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Soil biochemical changes at different wheat growth stages in response to conservation agriculture practices in a rice-wheat system of north-western India

By: Bera, T.
Contributor(s): Sandeep Sharma | Thind, H.S | Singh, Y | Sidhu, H.S | Jat, M.L.
Material type: materialTypeLabelArticlePublisher: Australia : CSIRO, 2017Subject(s): Conservation agriculture | Wheats | Conventional tillage AGROVOCOnline resources: Access only for CIMMYT Staff In: Soil Research v. 56, no. 1, p. 91-104Summary: Intensive tillage, removal or burning of crop residues, limited organic manure use, declining irrigation water resources and scarcity of labour are the major causes of soil degradation and unsustainability of rice (Oryza sativa L.)–wheat (Triticum aestivum L.) system (RWS) in South Asia.Resource conservation technologies (RCTs) such as zero tillage (ZT), dry direct seeded rice (DSR) and crop residues retained as mulch have shown promise to increase the productivity and profitability of RWS in South Asia. Effects of RCTs on soil biological parameters are unclear and contradictory. We evaluated the effects of conservation agriculture practices on changes in soil biochemical properties at different growth stages of wheat grown as the fifth crop in RWS. Twelve treatment combinations of tillage, crop establishment and crop residue management included four main plot treatments in rice: (1) conventional tillage (CT)-DSR,(2) ZT-DSR, (3) DTR, ZT machine transplanted rice and (4) PTR, conventional puddled transplanted rice. The three subplot treatments were: (i) CTW-R, CT wheat with both rice and wheat residues removed, (ii) ZTW-R, ZT wheat with residues of both the crops removed and (iii) ZTW+R, ZT wheat with rice residue retained as surface mulch in subsequent wheat. Irrespective of rice establishment methods, mean wheat grain yield under ZTW+R was 6% and 10% greater than CTW-R and ZTW-R respectively. Soil enzyme activities increased (5–18%) under ZTW+R compared with ZTW-R and CTW-R at different growth stages of wheat. The residual effect of rice establishment methods was significant on soil enzyme activities during wheat cropping, which were highest under ZT-DSR followed by CT-DSR, DTR and PTR. Soil organic carbon content in the 0–7.5 cm layer was significantly higher (7–9%) under the ZTW+R treatment compared with all the other treatments. Principal component analysis (PCA) identified three enzyme activities (dehydrogenase, fluorescein diacetate and phosphatase), and soil organic carbon content as the most sensitive indicators for assessing soil quality for RWS based on conservation agriculture. The PCA discriminated rice establishment systems with rice residue as surface mulch from rice establishment systems without rice residue and the maximum tillering stage from the other stages of wheat. The present study provided reliable biochemical indicators to monitor soil biological quality changes in response to conservation agriculture practices in RWS.
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Intensive tillage, removal or burning of crop residues, limited organic manure use, declining irrigation water resources and scarcity of labour are the major causes of soil degradation and unsustainability of rice (Oryza sativa L.)–wheat (Triticum aestivum L.) system (RWS) in South Asia.Resource conservation technologies (RCTs) such as zero tillage (ZT), dry direct seeded rice (DSR) and crop residues retained as mulch have shown promise to increase the productivity and profitability of RWS in South Asia. Effects of RCTs on soil biological parameters are unclear and contradictory. We evaluated the effects of conservation agriculture practices on changes in soil biochemical properties at different growth stages of wheat grown as the fifth crop in RWS. Twelve treatment combinations of tillage, crop establishment and crop residue management included four main plot treatments in rice: (1) conventional tillage (CT)-DSR,(2) ZT-DSR, (3) DTR, ZT machine transplanted rice and (4) PTR, conventional puddled transplanted rice. The three subplot treatments were: (i) CTW-R, CT wheat with both rice and wheat residues removed, (ii) ZTW-R, ZT wheat with residues of both the crops removed and (iii) ZTW+R, ZT wheat with rice residue retained as surface mulch in subsequent wheat. Irrespective of rice establishment methods, mean wheat grain yield under ZTW+R was 6% and 10% greater than CTW-R and ZTW-R respectively. Soil enzyme activities increased (5–18%) under ZTW+R compared with ZTW-R and CTW-R at different growth stages of wheat. The residual effect of rice establishment methods was significant on soil enzyme activities during wheat cropping, which were highest under ZT-DSR followed by CT-DSR, DTR and PTR. Soil organic carbon content in the 0–7.5 cm layer was significantly higher (7–9%) under the ZTW+R treatment compared with all the other treatments. Principal component analysis (PCA) identified three enzyme activities (dehydrogenase, fluorescein diacetate and phosphatase), and soil organic carbon content as the most sensitive indicators for assessing soil quality for RWS based on conservation agriculture. The PCA discriminated rice establishment systems with rice residue as surface mulch from rice establishment systems without rice residue and the maximum tillering stage from the other stages of wheat. The present study provided reliable biochemical indicators to monitor soil biological quality changes in response to conservation agriculture practices in RWS.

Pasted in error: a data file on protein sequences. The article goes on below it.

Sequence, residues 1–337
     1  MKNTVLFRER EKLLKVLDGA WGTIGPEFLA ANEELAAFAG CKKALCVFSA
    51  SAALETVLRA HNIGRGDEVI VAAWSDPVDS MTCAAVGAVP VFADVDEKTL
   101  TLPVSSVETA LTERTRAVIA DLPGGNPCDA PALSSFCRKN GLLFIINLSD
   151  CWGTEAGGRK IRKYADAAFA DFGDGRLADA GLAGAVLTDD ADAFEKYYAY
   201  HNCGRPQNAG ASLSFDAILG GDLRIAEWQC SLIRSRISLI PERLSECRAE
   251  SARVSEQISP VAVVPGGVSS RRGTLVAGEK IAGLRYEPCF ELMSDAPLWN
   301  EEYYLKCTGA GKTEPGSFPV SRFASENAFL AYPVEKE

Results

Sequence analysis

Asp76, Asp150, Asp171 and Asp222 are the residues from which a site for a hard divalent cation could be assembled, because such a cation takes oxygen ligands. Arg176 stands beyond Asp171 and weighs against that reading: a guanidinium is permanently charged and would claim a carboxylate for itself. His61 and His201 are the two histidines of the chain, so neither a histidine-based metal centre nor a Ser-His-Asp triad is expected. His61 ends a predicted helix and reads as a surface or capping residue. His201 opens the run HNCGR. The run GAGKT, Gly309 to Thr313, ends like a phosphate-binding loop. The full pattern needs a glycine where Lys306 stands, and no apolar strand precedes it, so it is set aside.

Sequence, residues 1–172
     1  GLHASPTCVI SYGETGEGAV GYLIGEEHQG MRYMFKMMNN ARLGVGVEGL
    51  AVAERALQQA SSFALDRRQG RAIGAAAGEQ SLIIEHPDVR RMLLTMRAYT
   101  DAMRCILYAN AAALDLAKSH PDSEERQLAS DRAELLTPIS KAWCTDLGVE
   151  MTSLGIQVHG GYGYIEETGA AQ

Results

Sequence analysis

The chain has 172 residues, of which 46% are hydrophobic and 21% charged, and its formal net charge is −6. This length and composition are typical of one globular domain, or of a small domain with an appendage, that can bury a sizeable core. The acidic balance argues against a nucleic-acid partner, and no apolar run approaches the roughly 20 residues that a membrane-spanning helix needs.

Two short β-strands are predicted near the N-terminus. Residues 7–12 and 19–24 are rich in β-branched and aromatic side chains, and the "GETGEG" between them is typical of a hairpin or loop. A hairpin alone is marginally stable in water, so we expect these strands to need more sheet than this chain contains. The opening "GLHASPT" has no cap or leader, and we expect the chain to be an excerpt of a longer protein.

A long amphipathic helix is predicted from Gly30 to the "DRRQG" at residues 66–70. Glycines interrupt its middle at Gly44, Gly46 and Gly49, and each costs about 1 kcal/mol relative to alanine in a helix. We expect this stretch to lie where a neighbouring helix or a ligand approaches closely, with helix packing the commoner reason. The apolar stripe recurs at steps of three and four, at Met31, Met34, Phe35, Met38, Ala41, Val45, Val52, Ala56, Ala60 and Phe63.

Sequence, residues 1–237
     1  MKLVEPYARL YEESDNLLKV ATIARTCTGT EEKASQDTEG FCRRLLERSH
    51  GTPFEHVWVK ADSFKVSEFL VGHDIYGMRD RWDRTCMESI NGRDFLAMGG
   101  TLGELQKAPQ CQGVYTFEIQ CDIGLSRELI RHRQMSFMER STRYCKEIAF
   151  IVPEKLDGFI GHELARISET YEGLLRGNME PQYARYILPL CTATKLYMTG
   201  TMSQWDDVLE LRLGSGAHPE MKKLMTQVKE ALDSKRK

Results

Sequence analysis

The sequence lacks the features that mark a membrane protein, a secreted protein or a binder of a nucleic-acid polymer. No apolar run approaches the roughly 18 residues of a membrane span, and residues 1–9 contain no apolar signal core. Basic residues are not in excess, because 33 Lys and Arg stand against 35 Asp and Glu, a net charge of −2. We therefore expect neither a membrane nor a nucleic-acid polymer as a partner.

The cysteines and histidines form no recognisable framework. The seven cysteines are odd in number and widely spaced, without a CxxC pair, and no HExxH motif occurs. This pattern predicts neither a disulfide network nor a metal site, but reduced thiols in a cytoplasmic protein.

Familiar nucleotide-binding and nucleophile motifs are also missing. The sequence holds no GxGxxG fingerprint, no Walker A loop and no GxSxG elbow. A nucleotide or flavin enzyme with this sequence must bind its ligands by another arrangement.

Wheat CRP FP4 - Sustainable intensification of wheat - based cropping systems

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